By Roberta Rampton, Washington •Posted February 04, 2019 12:50:00The Pacifica graduate school in California is not the only institution under fire for a lack of diversity.
A growing number of colleges and universities are under fire after the admissions process for their graduate programs, often by members of their faculty, often based on their race, ethnicity, gender, sexuality, national origin, religion or disability.
The university, which offers undergraduate and graduate degrees in science, technology, engineering, math, medicine and public health, is among the most diverse in the country.
It is one of only two in the nation to offer both bachelor’s and master’s degrees.
Its diversity includes black, Asian, Hispanic, Native American, Asian-Pacific Islander and other racial, ethnic and linguistic groups, as well as men and women.
The institute, whose president, James M. Brogan, said it has been “reluctant” to acknowledge its past history of racial discrimination and said the new leadership has pledged to “do better” to address such concerns, has drawn criticism for its handling of the 2016 election.
Its hiring of three black women to its executive team, including former New York Times executive editor Amy Waxman, prompted an online petition demanding an apology.
In response, Brogan said the school’s recent hiring of a diversity consultant was not a reflection of its current leadership, saying he was committed to hiring and retaining “great leaders in all areas of the institute.”
He also said the hiring of one of the women as executive vice president and director of diversity would ensure that diversity was not used to “sow division and hostility” in the academy.
The institution’s diversity committee, which includes nine members who are not faculty members, has met twice this year to address issues related to race and the hiring process, including a study of its hiring practices that concluded it was “a problem.”
In January, the institute’s dean of admissions, the late Kenneth S. Seltzer, wrote a letter to Brogan and the school community urging them to commit to addressing discrimination in the admissions office.
The letter noted that the institute had an annual retention rate of 92 percent.
The letter also cited studies showing that minorities and women have a harder time securing employment than other racial and ethnic groups.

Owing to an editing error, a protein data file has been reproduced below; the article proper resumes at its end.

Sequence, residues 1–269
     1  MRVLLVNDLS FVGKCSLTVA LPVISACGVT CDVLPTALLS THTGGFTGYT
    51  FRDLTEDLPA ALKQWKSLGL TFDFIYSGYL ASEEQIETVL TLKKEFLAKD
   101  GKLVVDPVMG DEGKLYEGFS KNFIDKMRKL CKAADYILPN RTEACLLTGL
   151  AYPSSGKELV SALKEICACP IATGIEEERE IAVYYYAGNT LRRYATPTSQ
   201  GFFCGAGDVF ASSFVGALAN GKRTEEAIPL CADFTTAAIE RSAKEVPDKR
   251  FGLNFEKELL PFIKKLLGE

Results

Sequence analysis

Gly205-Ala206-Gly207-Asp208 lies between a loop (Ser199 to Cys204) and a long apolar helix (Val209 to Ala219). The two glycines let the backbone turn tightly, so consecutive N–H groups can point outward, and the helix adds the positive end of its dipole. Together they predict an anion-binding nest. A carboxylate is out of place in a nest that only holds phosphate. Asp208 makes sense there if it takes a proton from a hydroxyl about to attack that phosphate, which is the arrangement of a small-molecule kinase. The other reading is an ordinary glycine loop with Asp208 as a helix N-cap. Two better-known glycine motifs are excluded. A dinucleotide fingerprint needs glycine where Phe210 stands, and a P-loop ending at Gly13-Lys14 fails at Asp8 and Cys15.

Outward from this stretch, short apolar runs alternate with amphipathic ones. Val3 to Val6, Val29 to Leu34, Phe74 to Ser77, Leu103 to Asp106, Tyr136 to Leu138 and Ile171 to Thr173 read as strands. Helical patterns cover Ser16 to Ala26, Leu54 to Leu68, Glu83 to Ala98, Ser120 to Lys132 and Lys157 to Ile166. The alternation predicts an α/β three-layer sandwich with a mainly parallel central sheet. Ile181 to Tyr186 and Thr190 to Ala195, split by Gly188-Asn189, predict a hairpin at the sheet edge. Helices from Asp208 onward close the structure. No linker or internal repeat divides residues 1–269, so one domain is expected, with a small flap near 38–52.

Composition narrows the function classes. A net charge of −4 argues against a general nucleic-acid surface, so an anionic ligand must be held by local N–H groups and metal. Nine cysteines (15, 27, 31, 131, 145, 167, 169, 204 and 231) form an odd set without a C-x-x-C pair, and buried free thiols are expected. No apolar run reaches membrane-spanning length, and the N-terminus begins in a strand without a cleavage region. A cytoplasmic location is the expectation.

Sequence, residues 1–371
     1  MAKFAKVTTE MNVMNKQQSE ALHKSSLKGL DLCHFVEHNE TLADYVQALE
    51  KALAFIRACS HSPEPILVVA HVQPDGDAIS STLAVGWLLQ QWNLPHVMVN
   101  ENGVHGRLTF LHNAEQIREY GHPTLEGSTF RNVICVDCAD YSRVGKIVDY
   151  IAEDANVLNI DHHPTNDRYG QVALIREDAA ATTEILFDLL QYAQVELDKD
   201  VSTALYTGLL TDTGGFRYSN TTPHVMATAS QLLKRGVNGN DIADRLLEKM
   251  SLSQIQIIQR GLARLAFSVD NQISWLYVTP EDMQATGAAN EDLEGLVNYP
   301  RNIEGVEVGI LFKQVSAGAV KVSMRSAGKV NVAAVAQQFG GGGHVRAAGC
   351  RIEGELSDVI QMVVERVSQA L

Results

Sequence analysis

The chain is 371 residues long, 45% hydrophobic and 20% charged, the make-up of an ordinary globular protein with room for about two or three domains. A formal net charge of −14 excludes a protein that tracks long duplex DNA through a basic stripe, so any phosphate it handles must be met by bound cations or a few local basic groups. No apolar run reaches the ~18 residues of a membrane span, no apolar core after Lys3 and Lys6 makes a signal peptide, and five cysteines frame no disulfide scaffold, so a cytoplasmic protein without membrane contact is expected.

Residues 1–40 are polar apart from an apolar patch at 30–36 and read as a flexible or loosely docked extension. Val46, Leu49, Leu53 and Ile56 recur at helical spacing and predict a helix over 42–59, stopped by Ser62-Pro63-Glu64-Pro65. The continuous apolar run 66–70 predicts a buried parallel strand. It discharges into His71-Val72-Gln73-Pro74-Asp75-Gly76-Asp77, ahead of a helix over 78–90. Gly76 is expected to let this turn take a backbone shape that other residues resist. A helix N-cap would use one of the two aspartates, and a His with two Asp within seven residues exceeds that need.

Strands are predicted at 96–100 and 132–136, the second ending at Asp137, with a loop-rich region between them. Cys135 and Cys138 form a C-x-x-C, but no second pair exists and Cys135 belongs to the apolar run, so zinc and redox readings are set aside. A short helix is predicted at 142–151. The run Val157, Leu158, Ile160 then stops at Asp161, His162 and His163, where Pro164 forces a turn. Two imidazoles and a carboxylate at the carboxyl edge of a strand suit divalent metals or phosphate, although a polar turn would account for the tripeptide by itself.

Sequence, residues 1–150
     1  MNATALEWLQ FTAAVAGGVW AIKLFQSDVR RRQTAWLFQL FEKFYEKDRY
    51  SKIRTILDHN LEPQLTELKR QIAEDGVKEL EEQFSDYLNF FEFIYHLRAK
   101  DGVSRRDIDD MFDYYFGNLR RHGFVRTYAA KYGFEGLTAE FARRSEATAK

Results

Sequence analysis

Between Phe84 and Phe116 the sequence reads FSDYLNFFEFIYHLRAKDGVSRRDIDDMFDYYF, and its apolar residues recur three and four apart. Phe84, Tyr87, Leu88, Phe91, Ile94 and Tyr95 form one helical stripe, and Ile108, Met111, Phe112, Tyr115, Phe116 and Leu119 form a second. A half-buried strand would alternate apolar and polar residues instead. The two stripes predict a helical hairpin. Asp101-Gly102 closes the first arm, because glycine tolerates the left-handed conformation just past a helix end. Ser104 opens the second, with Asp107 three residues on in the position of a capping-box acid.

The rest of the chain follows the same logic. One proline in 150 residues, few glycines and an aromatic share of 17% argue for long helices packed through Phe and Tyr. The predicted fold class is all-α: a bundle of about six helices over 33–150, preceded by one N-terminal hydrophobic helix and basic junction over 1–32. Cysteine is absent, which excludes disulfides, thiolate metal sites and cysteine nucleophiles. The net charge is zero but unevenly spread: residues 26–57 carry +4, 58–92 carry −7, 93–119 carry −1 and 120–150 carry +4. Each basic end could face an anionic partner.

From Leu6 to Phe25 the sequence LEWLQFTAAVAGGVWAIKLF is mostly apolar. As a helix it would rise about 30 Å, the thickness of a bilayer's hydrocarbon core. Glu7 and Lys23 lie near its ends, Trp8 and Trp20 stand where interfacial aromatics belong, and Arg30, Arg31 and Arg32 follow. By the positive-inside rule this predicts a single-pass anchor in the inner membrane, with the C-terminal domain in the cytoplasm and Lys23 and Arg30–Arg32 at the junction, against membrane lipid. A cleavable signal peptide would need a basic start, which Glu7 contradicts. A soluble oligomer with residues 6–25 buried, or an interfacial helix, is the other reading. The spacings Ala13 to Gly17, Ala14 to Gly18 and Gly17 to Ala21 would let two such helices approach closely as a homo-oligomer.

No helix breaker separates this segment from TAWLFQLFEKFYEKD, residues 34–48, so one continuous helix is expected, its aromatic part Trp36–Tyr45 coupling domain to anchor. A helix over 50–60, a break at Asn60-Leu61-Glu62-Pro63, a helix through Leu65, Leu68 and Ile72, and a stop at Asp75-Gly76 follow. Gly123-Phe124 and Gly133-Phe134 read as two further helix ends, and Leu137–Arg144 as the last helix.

Seltzer said the letter “underscores the importance of maintaining a commitment to diversity and inclusion” in hiring and the institute “does not seek to silence any voices on race.”
Brogan has said he plans to address racial discrimination in admissions to the institute.
“We are committed to addressing these issues,” Brogan wrote.
The Pacificas diversity committee will meet again next week to discuss the report.
The institute did not respond to a request for comment on the report, but in a statement released in December, the school said: “As the president has said repeatedly, we will do better.”
In December, Broagan wrote a series of tweets in which he pledged to improve the university’s efforts to attract and retain top talent and encourage it to be “the world’s premier research university.”
Brogan also pledged to continue to support diversity initiatives and to support and encourage academic freedom at the school, including its hiring and retention of diverse faculty and staff.
He also pledged that the school would create a diversity and equity office to oversee the institute, an initiative it said was “an important step in achieving that goal.”
He said he was also committed to improving the schools hiring and diversity practices, which have been under increasing scrutiny since last year.
The school has had to respond to the petitions that have gathered more than 100,000 signatures calling for its resignation, while other colleges and programs have had to acknowledge their biases or commit to hiring more diverse staff.
A majority of American colleges and university campuses are now considering hiring or expanding their hiring and hiring policies to prevent or address bias.
But the issue of racial and gender diversity in hiring is not one of them.
Brogan’s appointment last month to the position of chief diversity officer at Pacifica was the latest in a string of recent moves to address the issue.
A few weeks ago, Pacifica hired the former head of the Office of Equity and Inclusion, whose title was to oversee diversity and hiring practices, to oversee that effort.
The Institute of Medicine recently released a report saying that of the more than 7,000 universities, colleges and research centers across the country, about half had racial or gender diversity gaps in their hiring practices.